"It’s not a command performance. The chief is extending you a courtesy. Your POA steward has been notified. If it was up to me, I’d just body-slam you like the piece of shit you are." He said it without raising his voice or putting any inflection on it. "You might want to get your shoes and jacket. It’s pretty wet out here. You can ride with us."
"What is it, Shane?" Alexa was coming out of the bedroom, walking down the hall.
I turned to look at her. Breathtakingly beautiful. Black hair framing a fashion model’s cheekbones. Incredible blue eyes that were locked on me. She was belting her robe, her black hair tousled with the memory of sex. I knew these might be the last friendly words we would speak.
"IA. They have a charge sheet. They want me to come with them."
"It’s almost midnight," she said, standing behind me. "Can’t it wait until morning?" She should have demanded the circumstances. It was a mistake; but then, I knew she was as upset about all this as I was.
"You might also want to come with us, Lieutenant Scully," Matthews said, glancing at Alexa. "The chief is waiting in his office with several people. I think you both need to hear what he has to say."
So that’s what we did. Alexa got dressed. I was in the bedroom with her for a minute to get my nylon windbreaker out of the closet. I looked over and saw that she was putting on her sixth-floor attire—dark pantsuit, blouse, gun and badge.
"So it begins," she said, her voice lifeless.
I went into the bathroom to run a razor over my chin. A consideration to this late-night meeting with the chief. For a minute I saw my reflection in the mirror staring back. A familiar stranger with battered eyebrows scarred in countless forgotten brawls. The face of an unruly combatant. My brown eyes looked back at me startled by the sudden confusion I felt.
Five minutes later I was in Lieutenant Matthews’s car with the two IOs. One was named Stan. I didn’t catch the other guy’s name. Not much talk as we headed to Parker Center, with Alexa following us in her silver BMW a few car lengths behind. I had fallen from respected member of society and guardian of the public trust to detestable scum in the eyes of the three men riding in that maroon Crown Vic with me. In their eyes, I was a turncoat. A cop gone bad.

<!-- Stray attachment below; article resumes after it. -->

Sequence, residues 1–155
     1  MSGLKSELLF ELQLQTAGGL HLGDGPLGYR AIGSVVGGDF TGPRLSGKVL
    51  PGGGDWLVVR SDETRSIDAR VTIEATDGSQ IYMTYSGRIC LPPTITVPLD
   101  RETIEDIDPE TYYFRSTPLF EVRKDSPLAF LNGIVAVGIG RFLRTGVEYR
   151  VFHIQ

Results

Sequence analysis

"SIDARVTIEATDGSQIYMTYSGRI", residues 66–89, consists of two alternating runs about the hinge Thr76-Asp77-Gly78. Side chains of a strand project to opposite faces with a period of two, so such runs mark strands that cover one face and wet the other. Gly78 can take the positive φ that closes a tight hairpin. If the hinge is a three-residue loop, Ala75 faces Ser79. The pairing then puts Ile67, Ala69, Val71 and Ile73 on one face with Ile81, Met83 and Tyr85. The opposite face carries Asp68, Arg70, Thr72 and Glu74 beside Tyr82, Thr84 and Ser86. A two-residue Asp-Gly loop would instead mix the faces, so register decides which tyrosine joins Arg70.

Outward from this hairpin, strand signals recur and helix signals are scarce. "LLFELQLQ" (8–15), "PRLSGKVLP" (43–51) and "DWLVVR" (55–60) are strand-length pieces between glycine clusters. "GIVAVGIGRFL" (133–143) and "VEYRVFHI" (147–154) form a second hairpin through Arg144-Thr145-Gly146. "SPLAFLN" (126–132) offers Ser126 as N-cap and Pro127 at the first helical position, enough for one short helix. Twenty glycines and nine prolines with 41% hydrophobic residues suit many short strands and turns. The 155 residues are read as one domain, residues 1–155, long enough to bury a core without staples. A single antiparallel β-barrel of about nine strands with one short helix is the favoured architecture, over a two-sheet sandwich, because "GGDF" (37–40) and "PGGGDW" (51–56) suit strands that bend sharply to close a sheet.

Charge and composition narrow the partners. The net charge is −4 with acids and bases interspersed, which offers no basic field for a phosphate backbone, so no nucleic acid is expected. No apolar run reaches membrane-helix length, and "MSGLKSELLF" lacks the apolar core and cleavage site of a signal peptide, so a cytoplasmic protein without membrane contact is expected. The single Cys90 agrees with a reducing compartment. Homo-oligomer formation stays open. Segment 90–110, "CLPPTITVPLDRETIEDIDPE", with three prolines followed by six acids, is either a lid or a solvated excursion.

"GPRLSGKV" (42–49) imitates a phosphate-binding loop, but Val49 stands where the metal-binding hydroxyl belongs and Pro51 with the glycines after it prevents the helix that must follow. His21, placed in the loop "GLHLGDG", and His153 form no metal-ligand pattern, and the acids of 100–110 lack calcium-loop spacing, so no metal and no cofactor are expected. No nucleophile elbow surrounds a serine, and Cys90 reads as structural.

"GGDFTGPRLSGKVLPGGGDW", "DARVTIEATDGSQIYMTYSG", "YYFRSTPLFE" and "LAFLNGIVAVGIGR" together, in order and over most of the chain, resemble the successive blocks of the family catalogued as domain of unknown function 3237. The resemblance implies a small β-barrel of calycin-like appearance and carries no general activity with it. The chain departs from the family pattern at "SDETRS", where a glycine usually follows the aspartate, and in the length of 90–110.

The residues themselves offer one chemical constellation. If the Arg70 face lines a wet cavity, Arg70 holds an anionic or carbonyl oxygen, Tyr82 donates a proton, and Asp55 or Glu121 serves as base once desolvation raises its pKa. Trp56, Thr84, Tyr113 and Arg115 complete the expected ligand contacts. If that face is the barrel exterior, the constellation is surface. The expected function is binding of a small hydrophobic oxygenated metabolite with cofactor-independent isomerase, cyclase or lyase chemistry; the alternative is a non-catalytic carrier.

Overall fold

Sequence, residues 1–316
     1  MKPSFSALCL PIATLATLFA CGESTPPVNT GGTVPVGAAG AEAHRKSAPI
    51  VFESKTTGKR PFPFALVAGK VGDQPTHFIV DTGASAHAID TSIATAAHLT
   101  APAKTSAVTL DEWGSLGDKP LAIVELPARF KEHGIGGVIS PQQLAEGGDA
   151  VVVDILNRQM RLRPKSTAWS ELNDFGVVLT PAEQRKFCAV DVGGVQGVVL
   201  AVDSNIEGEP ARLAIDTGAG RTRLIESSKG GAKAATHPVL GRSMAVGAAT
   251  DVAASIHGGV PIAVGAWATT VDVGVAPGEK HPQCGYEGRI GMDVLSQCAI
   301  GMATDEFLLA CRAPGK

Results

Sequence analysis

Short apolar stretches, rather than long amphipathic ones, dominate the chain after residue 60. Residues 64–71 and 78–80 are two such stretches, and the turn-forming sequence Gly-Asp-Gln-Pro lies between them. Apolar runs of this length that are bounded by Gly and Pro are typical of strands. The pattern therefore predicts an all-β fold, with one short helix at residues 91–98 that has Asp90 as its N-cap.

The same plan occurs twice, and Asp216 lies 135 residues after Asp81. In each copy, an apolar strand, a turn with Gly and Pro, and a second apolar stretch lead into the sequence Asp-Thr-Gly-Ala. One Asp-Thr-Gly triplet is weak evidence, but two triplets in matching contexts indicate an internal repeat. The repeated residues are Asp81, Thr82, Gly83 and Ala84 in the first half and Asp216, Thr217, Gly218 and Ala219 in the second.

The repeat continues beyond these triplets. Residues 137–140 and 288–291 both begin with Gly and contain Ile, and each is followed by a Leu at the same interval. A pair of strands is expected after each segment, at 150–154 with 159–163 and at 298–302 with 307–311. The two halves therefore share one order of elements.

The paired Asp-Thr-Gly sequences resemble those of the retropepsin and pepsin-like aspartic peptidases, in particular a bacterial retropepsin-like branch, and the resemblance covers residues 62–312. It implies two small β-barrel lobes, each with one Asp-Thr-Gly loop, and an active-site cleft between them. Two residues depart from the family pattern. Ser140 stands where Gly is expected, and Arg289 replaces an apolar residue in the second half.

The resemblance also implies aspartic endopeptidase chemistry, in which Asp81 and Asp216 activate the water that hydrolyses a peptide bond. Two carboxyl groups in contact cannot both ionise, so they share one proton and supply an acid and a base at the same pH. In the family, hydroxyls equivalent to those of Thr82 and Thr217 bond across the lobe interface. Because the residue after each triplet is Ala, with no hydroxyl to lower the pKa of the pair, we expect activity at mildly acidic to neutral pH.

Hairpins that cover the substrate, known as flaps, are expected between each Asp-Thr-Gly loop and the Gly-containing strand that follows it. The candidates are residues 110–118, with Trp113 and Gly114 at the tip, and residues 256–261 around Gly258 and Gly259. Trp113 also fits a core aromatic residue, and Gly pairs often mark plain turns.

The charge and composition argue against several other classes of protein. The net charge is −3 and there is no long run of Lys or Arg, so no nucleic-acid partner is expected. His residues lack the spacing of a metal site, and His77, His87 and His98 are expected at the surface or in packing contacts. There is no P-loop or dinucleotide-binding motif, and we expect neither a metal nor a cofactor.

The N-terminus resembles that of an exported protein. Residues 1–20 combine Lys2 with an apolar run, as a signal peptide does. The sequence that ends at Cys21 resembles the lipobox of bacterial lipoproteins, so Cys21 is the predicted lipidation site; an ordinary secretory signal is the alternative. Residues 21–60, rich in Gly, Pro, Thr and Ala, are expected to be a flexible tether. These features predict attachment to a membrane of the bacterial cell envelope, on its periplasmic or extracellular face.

I thought I knew what to expect, but the truth was I had little idea of what lay before me, little understanding of the mess I had so willingly stepped into.
But that’s life. I guess if you could see all the dead ends and blind turns, it wouldn’t be as interesting. At least that’s what I kept telling myself.
The windshield wipers on the detective plain-wrap slapped at the rain as we rushed along the 10 Freeway in the dead of night, the tires singing in the rain cuts. No red light, no siren. Just a maroon Ford with four stone-faced cops. All of us in the diamond lane, heading toward the end of my career at breakneck speed.
Excerpted from On the Grind by Stephen J. Cannell.
Copyright 2008 by Stephen J. Cannell.
Published in January 2009 by St. Martin’s Press
All rights reserved. This work is protected under copyright laws and reproduction is strictly prohibited. Permission to reproduce the material in any manner or medium must be secured from the Publisher.